- ペーパーバック: 366ページ
- 出版社: Loyola Pr (1994/9/1)
- 言語: 英語
- ISBN-10: 0829407731
- ISBN-13: 978-0829407730
- 発売日： 1994/9/1
- 商品パッケージの寸法: 2.5 x 15.2 x 22.9 cm
- おすすめ度： この商品の最初のレビューを書き込んでください。
Reclaiming Our Schools: The Struggle for Chicago School Reform (A Campion Book) (英語) ペーパーバック – 1994/9/1
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Through a series of investigations, this 1994 book documents how corruption, apathy, incompetence, and politics undermined the Chicago Public School system. It addresses social promotion of students, corruption among staff and contractors, student discipline, teacher dismissal processes, the role of the unions, revolving leadership, and the lack of a political will. Reclaiming Our Schools provides specific recommendations for improvement and was used as a roadmap for the reform movement launched in the system in 1995. Most of its recommendations have since been implemented.
Maribeth Vander Weele was appointed in 1998 by Chicago Mayor Richard M. Daley as Inspector General of Chicago Public Schools. Previously, she joined the management team that began overhauling the nation's third largest school system in 1995, focusing on reforms addressing social promotion, truancy, corruption, employee ethics and management systems. From 1990 to 1995, she investigated the system as an education writer for the Chicago Sun-Times, where she received several journalism awards. She has been a freelance contributor to Prime Time Live, Washington Monthly, City Journal, America's Agenda, and Executive Educator. A frequent lecturer on urban education, she is certified as an Inspector General by the Association of Inspectors General. She is a graduate of Wheaton College in Wheaton, Illinois.
Amazon.com で最も参考になったカスタマーレビュー (beta)
Everyone from the students to teachers to administrators to ACLU to Bill Gates are looking to reform the American Educational System. How reforms can become the process of improving public education.
It is well known the actual goal is to achieve true minute enhancements in schooling because it is so important to America's future success in a global economy.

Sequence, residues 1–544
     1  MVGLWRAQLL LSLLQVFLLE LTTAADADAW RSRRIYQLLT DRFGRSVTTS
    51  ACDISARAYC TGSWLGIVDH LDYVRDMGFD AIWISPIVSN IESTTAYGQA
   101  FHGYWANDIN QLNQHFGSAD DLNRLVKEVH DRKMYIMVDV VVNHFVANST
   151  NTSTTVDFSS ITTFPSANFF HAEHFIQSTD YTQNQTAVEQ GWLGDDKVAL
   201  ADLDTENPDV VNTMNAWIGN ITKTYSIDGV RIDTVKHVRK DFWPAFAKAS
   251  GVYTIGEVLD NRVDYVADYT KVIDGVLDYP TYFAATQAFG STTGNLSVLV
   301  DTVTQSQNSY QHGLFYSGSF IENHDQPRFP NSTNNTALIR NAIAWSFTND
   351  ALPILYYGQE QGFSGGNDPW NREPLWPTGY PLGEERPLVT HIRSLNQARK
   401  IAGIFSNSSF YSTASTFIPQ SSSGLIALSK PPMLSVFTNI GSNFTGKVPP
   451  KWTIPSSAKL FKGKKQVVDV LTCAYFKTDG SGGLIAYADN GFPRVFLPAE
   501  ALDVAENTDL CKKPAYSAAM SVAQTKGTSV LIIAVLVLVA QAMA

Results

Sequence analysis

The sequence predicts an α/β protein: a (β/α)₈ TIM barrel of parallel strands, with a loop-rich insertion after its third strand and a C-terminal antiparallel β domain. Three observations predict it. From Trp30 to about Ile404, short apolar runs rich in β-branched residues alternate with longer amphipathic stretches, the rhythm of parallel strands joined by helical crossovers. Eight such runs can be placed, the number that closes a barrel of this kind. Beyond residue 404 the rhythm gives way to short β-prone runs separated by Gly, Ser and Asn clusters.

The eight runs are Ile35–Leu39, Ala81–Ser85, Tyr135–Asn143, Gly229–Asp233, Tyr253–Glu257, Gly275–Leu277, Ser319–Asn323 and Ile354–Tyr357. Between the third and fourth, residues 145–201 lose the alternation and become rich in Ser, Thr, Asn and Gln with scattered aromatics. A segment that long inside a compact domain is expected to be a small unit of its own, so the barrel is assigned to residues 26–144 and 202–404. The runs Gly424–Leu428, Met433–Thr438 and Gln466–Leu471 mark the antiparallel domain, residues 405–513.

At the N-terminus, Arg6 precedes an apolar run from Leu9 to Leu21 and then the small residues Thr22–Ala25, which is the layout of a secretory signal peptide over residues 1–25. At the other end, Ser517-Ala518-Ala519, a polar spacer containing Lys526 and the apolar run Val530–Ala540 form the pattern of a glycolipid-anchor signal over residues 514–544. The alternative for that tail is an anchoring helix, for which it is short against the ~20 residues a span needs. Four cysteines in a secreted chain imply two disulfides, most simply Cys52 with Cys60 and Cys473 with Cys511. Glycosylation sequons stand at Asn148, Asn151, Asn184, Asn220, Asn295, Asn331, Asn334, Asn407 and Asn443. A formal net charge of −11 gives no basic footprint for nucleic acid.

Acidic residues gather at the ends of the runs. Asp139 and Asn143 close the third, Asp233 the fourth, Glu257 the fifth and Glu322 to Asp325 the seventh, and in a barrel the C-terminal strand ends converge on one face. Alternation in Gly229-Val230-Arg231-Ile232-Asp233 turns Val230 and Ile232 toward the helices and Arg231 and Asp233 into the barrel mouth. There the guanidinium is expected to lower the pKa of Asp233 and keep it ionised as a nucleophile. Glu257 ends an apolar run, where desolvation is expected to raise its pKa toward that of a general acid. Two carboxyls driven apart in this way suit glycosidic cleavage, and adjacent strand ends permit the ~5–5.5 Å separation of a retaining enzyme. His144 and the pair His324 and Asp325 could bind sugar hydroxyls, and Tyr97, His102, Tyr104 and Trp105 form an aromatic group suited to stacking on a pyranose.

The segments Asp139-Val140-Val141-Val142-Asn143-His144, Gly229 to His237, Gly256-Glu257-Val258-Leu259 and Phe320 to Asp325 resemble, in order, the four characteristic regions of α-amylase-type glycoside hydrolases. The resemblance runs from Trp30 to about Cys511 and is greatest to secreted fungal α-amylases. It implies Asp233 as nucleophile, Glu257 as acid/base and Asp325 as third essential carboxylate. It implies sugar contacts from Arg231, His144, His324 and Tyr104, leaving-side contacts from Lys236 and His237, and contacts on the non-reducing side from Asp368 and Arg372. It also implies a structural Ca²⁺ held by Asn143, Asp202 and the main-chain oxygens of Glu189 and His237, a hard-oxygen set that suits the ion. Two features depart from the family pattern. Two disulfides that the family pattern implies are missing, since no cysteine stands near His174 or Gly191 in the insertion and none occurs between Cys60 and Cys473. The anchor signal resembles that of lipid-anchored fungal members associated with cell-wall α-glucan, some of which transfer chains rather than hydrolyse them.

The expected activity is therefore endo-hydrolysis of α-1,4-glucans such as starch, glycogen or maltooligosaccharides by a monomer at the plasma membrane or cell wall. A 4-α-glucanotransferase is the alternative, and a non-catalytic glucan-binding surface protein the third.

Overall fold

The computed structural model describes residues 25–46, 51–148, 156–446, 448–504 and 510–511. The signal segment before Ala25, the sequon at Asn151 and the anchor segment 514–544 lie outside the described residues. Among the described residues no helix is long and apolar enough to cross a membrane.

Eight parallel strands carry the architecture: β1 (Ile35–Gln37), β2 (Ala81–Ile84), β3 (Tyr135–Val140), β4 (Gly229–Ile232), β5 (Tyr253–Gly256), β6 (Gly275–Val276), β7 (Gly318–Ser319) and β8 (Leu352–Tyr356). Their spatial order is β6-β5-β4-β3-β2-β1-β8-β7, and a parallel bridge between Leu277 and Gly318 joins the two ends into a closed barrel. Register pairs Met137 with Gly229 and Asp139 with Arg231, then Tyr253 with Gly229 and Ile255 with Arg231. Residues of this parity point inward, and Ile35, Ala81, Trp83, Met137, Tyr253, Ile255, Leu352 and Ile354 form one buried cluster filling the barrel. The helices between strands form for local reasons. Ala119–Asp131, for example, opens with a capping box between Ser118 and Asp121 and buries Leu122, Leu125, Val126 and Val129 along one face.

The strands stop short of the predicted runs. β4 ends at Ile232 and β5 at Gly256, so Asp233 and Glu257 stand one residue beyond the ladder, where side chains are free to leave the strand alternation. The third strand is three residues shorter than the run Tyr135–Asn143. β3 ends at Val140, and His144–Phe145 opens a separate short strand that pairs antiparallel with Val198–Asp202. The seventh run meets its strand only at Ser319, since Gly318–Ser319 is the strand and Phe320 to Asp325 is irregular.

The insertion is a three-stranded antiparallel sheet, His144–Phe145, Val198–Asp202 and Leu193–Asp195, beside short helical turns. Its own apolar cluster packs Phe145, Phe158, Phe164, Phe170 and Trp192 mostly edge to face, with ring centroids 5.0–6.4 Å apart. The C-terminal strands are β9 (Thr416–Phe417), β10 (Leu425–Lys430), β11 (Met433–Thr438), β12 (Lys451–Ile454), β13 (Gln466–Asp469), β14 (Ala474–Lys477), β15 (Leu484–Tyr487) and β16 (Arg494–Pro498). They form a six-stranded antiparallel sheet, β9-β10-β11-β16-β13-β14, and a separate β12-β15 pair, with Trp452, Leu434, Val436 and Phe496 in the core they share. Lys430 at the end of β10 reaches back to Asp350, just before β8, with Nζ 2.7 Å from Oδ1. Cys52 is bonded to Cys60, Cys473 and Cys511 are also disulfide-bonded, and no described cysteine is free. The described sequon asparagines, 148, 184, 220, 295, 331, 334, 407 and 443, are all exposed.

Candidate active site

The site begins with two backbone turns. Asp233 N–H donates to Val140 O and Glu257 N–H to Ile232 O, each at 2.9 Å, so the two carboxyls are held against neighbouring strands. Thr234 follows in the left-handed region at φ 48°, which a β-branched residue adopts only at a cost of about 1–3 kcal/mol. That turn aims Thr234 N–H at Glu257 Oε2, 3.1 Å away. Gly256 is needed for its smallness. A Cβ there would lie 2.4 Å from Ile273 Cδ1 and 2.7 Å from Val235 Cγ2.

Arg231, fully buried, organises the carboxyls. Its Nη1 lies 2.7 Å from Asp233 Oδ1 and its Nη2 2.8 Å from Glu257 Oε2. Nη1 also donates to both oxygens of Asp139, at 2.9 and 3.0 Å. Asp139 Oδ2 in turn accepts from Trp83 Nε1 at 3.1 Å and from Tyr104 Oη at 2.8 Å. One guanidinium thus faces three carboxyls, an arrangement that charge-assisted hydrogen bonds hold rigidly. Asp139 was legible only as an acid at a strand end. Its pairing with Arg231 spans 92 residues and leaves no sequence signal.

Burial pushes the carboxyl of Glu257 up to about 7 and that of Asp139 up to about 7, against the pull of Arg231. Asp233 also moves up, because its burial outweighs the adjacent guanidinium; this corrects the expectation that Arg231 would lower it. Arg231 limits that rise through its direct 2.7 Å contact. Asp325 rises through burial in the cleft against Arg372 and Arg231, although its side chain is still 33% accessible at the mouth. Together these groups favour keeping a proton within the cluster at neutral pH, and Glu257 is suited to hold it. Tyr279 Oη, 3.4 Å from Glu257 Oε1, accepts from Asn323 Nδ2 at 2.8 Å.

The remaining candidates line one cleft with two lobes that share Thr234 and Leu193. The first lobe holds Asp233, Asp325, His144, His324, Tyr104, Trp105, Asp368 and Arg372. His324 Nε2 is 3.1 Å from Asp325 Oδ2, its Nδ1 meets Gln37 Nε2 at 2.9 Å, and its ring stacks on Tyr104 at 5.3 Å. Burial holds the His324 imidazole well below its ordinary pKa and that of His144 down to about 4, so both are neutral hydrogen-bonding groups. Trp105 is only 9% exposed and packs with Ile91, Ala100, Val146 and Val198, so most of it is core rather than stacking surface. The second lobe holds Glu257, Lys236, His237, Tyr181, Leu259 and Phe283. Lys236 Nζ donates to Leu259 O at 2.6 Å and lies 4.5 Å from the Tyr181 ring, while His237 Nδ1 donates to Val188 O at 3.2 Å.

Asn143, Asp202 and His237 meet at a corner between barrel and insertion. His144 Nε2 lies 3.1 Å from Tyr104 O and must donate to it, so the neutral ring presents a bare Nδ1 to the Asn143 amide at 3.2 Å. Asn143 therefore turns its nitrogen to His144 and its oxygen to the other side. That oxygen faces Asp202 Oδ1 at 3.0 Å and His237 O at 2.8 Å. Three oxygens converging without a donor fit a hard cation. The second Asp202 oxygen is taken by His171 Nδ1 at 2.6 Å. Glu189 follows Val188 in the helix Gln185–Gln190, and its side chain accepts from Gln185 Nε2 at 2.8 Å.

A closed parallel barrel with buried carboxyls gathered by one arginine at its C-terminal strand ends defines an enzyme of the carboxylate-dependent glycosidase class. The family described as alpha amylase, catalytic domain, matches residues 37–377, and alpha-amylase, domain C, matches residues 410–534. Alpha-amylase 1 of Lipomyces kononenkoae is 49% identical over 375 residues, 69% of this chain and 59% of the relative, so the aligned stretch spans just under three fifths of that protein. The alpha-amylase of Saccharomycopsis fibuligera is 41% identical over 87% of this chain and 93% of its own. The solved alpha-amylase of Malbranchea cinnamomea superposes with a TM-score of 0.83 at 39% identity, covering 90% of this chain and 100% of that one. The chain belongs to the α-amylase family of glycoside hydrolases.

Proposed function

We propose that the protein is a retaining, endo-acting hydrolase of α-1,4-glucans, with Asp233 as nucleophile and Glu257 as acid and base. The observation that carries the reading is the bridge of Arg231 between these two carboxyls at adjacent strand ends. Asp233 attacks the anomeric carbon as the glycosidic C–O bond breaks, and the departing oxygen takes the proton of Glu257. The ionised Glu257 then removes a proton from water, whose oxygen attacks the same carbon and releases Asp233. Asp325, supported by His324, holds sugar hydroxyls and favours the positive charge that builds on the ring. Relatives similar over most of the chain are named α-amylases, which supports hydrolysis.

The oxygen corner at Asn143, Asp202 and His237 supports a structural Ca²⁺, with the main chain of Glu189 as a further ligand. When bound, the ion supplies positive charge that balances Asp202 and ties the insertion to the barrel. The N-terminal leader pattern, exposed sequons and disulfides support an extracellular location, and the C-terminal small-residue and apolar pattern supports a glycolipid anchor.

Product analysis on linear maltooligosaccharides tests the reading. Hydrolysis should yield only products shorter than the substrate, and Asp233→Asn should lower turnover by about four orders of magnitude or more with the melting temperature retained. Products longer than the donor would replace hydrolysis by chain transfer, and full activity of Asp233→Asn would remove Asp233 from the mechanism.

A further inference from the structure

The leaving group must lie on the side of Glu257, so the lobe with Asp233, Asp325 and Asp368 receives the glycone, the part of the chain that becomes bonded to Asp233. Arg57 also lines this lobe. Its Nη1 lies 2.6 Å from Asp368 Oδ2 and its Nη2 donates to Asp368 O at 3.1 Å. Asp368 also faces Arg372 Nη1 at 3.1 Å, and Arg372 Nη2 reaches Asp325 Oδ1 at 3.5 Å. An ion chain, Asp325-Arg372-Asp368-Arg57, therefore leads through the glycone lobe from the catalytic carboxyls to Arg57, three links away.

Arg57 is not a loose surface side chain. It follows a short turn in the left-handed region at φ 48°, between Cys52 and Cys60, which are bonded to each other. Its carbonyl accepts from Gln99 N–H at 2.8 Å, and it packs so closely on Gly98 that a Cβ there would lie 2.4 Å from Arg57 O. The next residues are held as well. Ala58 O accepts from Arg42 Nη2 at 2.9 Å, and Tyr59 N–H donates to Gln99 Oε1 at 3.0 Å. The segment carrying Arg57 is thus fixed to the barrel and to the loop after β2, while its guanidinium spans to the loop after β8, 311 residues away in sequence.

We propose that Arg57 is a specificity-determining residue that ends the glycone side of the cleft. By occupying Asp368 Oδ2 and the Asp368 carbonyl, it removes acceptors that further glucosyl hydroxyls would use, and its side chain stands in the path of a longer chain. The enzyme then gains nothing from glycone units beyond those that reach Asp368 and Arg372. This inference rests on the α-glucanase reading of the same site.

As we know, even at the founding of our nation Third Grade Schooling was mandatory due to being as Jefferson described it, "A Democracy Is Dependent On A Well-Educated Electorate." In my opinion, this is what the author was seeking to explain as she described the obstacles to overcome in our inner cities schools.
There is no question; history has proven from empire to empire that great education have large social returns, in health, wealth, and well-being.
In history, each realms' education restructurings have taken different forms because the stimuli of reformers have differed under changes in society as the climb and fall.
The Author explains how reducing cost to students and society is by no means the sole answer, but actually how we spend the money on our children must be carefully controlled according to necessary resources, and above all making sure such assets, resources, and learning supplies are always accountable from responsible administrators, teachers, and political powers.
What the author is pointing out is education is extremely expensive but the wealthy are always ready to foot that tab for their children, but balk if Public Schools are given more money to increase innovations intended to lower the cost in the long run.
The author addresses the nonrepresentational, thoughtful comebacks to even the questions about educational corruption among each social power group that makes up our schools, and continue to ask for bigger budgets without results for personal pockets of profits and pensions.
The author, Ms. Vander Weele academically condenses huge aggregates of facts into comparatively few required principles to search for a step by step pathway to communicate commercially useful topics, by making sure instruction start with making sure the basics of reading, writing, and arithmetic have to be master on the lower levels to succeed at the higher levels.
Yet, school resources and supplies often impede these goals due to egos, corruption, power grabs, and personal goals not in tune for the children and the parents that often ignore their children needs.
The book is an easy read, written in a beautiful style that can be understood on any educational level.
Current Students enrolled in Education Doctorate Programs should use this unique reflection to create New Thesis on each of Ms. Vander Weele's subject problem areas within her book.
I highly recommend this book for every Teacher, Administrator, Politician, and especially anyone or any organization seeking to provide systems to adequately reform America's Inner Schools and Schools in General.